PONDERING the PRINCIPLES of PROVERBS
Solomon wrote his Proverbs for the people of Israel over whom he ruled. We saw in the beginning that his purpose was for anyone who reads them to grow in wisdom.
But, we no sooner get out of the gate than we are confronted with a controversial statement:
Are we to assume from this statement that non-believers don't know anything? Try it, and you will be laughed out of town losing all credibility with anyone. That is obviously not the intent of the verse.
So then, what about the second part: “...but fools despise wisdom and instruction?” Are we to assume that all those who despise instruction are fools?
There is no escaping the fact that holding instruction in contempt is a foolish thing to do. Kids drop out of school after years of not paying attention. Their foolishness catches up with most of them later on in life.
Adults who quit learning after their school years also fit this category of foolishness. I know that the learning curve on many things is steep and challenging the older one gets; but that is no reason to give up learning. People of my parents' generation gave up trying to learn how to use a dvd player. People of my own generation have not tried to keep up with technology forsaking such things as a cell phone, because of the learning curve associated with mastering the device.
Can they get along without whatever it is they refuse to learn? Absolutely.
However, that is not the point. The cessation of learning, or the refusal to learn is contrary to nature.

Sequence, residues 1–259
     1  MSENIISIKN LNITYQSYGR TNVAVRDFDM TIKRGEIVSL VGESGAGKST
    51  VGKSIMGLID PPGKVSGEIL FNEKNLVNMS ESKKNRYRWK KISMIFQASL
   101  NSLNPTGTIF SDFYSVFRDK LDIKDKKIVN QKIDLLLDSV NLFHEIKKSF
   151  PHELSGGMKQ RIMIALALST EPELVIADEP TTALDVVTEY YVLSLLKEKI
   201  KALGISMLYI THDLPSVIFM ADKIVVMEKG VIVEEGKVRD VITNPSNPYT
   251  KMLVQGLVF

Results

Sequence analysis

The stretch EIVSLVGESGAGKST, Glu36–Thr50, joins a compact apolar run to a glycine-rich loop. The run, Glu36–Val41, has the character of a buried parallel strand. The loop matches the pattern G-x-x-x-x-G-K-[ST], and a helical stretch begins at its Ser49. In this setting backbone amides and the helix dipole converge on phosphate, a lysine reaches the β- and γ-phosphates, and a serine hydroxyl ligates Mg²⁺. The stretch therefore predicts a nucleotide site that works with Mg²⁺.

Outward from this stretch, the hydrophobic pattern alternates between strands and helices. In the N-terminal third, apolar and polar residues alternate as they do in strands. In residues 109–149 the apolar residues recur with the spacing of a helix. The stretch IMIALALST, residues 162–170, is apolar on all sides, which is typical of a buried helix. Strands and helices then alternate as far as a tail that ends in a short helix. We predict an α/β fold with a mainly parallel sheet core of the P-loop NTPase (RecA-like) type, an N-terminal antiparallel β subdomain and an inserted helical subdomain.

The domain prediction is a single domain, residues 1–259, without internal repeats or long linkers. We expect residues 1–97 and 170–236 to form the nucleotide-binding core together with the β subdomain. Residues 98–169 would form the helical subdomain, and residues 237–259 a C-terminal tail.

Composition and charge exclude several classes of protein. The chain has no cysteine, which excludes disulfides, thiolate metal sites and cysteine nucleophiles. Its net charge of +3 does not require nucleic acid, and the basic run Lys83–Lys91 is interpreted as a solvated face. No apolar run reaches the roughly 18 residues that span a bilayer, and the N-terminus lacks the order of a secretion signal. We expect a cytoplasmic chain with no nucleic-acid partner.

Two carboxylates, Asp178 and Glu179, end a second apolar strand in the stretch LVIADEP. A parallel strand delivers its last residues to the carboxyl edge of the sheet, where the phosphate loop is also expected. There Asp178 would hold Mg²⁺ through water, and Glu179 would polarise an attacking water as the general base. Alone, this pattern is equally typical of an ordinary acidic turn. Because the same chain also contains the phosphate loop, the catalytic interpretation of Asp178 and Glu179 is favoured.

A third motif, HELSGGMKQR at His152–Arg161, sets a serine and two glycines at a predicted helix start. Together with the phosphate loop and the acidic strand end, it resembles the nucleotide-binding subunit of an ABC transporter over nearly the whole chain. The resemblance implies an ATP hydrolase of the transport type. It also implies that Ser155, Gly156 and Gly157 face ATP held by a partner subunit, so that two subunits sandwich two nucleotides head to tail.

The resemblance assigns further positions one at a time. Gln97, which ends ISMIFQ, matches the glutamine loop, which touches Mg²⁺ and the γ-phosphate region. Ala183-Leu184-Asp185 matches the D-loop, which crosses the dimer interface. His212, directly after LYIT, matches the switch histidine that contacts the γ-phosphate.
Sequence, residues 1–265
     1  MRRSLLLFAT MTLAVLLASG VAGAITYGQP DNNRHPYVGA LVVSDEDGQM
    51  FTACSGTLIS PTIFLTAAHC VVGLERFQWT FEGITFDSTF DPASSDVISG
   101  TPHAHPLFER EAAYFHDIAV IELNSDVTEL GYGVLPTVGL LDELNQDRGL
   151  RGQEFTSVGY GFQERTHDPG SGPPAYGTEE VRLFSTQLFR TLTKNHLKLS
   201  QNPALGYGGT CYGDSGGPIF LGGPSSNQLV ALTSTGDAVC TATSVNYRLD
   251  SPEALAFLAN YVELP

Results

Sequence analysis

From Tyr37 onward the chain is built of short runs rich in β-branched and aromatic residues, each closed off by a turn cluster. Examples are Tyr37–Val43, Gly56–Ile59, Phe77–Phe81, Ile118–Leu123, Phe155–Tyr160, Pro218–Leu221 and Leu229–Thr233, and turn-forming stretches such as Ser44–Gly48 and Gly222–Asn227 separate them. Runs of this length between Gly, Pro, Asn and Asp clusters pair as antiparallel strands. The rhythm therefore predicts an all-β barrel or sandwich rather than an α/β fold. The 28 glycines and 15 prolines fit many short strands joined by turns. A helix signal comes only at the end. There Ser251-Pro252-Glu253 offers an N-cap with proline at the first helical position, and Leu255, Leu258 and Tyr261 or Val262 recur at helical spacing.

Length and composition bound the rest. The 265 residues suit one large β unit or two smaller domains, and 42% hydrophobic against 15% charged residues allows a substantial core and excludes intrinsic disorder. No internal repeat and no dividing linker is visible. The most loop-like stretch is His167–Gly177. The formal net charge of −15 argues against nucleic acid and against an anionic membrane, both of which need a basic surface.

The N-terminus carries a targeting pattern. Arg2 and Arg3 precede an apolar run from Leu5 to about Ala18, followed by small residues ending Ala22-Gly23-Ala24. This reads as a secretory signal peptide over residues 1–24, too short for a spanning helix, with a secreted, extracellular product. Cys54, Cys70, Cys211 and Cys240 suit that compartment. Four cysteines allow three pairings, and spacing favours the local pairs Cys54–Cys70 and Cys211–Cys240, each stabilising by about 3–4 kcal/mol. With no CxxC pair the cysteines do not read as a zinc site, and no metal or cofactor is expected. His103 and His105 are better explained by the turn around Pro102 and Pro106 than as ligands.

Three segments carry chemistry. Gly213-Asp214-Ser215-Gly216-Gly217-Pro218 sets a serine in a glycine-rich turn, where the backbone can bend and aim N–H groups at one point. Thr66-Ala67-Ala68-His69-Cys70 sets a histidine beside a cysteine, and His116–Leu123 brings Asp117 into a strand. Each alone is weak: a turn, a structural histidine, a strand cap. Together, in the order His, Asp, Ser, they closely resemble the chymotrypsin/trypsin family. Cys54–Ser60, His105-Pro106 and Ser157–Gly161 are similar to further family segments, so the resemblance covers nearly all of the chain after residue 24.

When we first come into this world, we begin exploring everything we can. It is in our makeup, genes, DNA, however you want to place it. It is natural to learn. Not learning is unnatural.
So, we see that there is a certain element of truth in the second part of the verse apart from the first.
However, this verse cannot be fully understood in parts, but only as a whole. The first part is explained by the couplet adjoined: “...fools despise wisdom and instruction.”
According to Keil & Delitszch, scholars of the Hebrew language, the inverted placement of the couplet implies that “the wisdom and discipline which one obtains in the way of the fear of God is only despised by the hard, thick, stupid” people.
So, we might render this verse: “Those who discount the knowledge that comes from the wisdom and instruction of following the Lord are not very bright.”
This is the situation we have today—as we have had probably in every generation. There are those who discount, despise, or count as useless anything that may seem like “religion” to them. They learn, but not from any spiritually-based texts, especially the Bible.
The sadness of their situation is rendered plainly by Paul in his letter to Timothy--”Ever learning, but never able to come to the knowledge of the truth.” (2Tim. 3:7) How many of these types I have known in my life—ever learning, but never finding peace with their learning.
Yes, true knowledge—knowledge that liberates—begins when one submits oneself to the grace and mercy of God. Everything else is simply pieces of a puzzle that will never make sense without the knowledge of God.
What about you? Are you a life-long learner (student)? What are you in process of learning at present?
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